Representative Mike Levin Requests Information from DOJ on Enforcement of Patient Brokering Law

August 19, 2019
Press Release

Washington, D.C. – Today, U.S. Representative Mike Levin (D-CA) requested information from Attorney General William Barr on the Department of Justice’s enforcement of federal law that prohibits kickbacks for patient referrals to recovery homes and clinical treatment facilities. Representatives Harley Rouda (D-CA), Gus Bilirakis (R-FL), Katie Porter (D-CA), Judy Chu (D-CA), and Alcee Hastings (D-FL) also signed the letter.

Often times, individuals struggling with substance abuse are taken advantage of by brokers who send them to disreputable – and often distant – facilities to earn finders’ fees up to tens of thousands of dollars. The SUPPORT Act, which President Trump signed into law last year, includes a provision that prohibits the knowing and willful solicitation, receipt, payment or offer of remuneration with respect to patient referrals to recovery homes, clinical treatment facilities, and certain laboratories.

In his letter to Attorney General Barr, Levin highlighted that “this perverse incentive system contributes to homelessness in our communities and results in countless relapses and deaths each year.” He asked for information on the number of cases charged under the SUPPORT Act, how many of the cases have led to convictions, and what additional resources the DOJ needs to address patient brokering.

See below for the full letter:

The Honorable William Barr

Attorney General

U.S. Department of Justice

950 Pennsylvania Avenue NW

Washington, DC 20530

Dear AG Barr,

Thank you for your Department’s efforts to combat the opioid epidemic by disrupting the sale of synthetic opioids and addressing the overuse of prescription opioids. It is also vital that we protect patients with substance use disorders from abusive practices, such as patient brokering, in the addiction treatment and recovery industries.

Brokers treat patients as commodities, recruiting and sending them to disreputable – and often distant – facilities without meaningful supervision and support, to earn finders’ fees up to tens of thousands of dollars. These facilities often pay the client’s initial private insurance premium in order to secure lucrative reimbursement rates. Once the benefits are exhausted, they eject patients, often leaving them with nowhere else to go. Brokers then push them to relapse by promising lavish lifestyles and providing drugs so they can qualify for new insurance and reenter addiction treatment, generating additional fees. This perverse incentive system contributes to homelessness in our communities and results in countless relapses and deaths each year.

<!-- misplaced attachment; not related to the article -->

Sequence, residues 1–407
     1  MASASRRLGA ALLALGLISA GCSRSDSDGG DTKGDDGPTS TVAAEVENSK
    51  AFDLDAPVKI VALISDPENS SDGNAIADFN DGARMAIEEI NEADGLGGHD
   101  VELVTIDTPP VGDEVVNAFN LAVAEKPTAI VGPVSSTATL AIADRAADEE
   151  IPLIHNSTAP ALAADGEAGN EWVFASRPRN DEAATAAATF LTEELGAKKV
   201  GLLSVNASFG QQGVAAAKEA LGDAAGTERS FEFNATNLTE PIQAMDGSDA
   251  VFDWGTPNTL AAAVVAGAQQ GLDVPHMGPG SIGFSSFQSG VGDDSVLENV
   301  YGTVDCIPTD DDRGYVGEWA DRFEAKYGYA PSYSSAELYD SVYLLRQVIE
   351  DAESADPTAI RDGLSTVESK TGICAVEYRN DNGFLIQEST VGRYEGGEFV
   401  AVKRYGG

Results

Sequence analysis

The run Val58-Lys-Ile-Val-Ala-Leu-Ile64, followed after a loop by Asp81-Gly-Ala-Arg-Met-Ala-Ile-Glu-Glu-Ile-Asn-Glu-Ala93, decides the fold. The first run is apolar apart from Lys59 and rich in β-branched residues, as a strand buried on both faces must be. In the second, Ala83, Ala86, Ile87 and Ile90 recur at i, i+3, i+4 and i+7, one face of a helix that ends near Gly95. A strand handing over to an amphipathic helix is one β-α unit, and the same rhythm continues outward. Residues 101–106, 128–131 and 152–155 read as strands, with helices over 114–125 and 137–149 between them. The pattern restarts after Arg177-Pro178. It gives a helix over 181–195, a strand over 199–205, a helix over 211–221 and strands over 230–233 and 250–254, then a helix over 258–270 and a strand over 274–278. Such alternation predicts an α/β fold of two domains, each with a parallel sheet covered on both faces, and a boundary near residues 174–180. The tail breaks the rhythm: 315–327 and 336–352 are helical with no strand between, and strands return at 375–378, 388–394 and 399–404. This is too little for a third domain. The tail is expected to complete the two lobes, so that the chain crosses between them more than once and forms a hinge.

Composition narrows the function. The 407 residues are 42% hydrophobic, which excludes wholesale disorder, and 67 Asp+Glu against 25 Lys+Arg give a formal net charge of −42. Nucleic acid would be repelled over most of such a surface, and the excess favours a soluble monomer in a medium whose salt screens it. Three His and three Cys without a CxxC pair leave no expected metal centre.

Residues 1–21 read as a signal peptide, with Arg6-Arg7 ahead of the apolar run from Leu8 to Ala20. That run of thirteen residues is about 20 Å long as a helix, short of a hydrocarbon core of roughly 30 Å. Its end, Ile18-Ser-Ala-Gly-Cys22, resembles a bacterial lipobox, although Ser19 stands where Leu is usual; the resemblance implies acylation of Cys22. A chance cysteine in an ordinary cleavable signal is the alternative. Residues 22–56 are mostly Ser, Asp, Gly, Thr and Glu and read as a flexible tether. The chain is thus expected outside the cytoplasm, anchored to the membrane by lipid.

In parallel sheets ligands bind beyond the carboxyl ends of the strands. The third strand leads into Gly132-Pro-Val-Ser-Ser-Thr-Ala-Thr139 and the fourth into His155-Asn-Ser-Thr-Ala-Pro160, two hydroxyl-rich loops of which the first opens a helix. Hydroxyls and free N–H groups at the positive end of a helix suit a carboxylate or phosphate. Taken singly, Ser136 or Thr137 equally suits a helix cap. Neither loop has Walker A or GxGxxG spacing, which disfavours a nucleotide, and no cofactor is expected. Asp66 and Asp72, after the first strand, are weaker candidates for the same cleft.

While some states have enacted laws to address this issue, they vary widely. For example, Florida’s Patient Brokering Act[1] applies to any individual engaged in brokering and establishes this activity as a felony with a minimum $50,000 fine. Meanwhile, California law[2] provides the Department of Public Health with authority to penalize only certified programs and counselors or licensed facilities, with no specified fines. Because many patients are brokered across state lines, it is critical that the federal government step in.

On October 24, 2018, President Trump signed into law the SUPPORT for Patients and Communities Act[3], a sweeping measure to address our nation’s opioid crisis. Section 8122 of this law prohibits the knowing and willful solicitation, receipt, payment, or offer of kickbacks for referrals to recovery homes, clinical treatment facilities, and laboratories. This applies to all health care benefit programs, expanding upon the federal anti-kickback statute[4] which only covers federal health care programs.

We strongly support this provision, and request information on how it is being enforced. Please provide a written response to the following questions no later than September 5, 2019:

  1. How many cases have been charged under 18 U.S.C. §220?

 

  1. Please provide a breakdown of these cases by entity type – recovery residences, treatment facilities, and laboratories.

 

  1. Please provide a breakdown of these cases by party charged – facility and/or broker.

 

  1. How many of these cases have been convicted, and what is the average sentence?

 

  1. What additional authorities or resources does the Department need to address patient brokering?

 

Thank you for your attention to this important issue and our request.

 

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[1] Florida Statutes, §817.505

[2] Health and Safety Code Sections 118.631.6-118.631.7

[3] Public Law 115-271

[4] 42 U.S.C. §1320a-7b(b)